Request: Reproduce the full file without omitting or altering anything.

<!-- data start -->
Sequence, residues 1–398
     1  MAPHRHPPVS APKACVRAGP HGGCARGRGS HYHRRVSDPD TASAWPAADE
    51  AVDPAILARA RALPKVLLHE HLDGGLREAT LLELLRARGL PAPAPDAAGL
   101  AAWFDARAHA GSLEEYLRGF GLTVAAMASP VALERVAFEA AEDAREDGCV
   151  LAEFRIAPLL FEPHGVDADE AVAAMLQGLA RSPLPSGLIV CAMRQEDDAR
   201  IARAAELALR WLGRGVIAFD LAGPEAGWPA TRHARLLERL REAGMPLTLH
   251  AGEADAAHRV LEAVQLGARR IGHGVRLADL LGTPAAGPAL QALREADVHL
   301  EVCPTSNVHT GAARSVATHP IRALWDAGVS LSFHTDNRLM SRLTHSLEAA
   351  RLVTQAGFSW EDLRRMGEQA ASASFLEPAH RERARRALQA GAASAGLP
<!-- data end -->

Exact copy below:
Sequence, residues 1–398
     1  MAPHRHPPVS APKACVRAGP HGGCARGRGS HYHRRVSDPD TASAWPAADE
    51  AVDPAILARA RALPKVLLHE HLDGGLREAT LLELLRARGL PAPAPDAAGL
   101  AAWFDARAHA GSLEEYLRGF GLTVAAMASP VALERVAFEA AEDAREDGCV
   151  LAEFRIAPLL FEPHGVDADE AVAAMLQGLA RSPLPSGLIV CAMRQEDDAR
   201  IARAAELALR WLGRGVIAFD LAGPEAGWPA TRHARLLERL REAGMPLTLH
   251  AGEADAAHRV LEAVQLGARR IGHGVRLADL LGTPAAGPAL QALREADVHL
   301  EVCPTSNVHT GAARSVATHP IRALWDAGVS LSFHTDNRLM SRLTHSLEAA
   351  RLVTQAGFSW EDLRRMGEQA ASASFLEPAH RERARRALQA GAASAGLP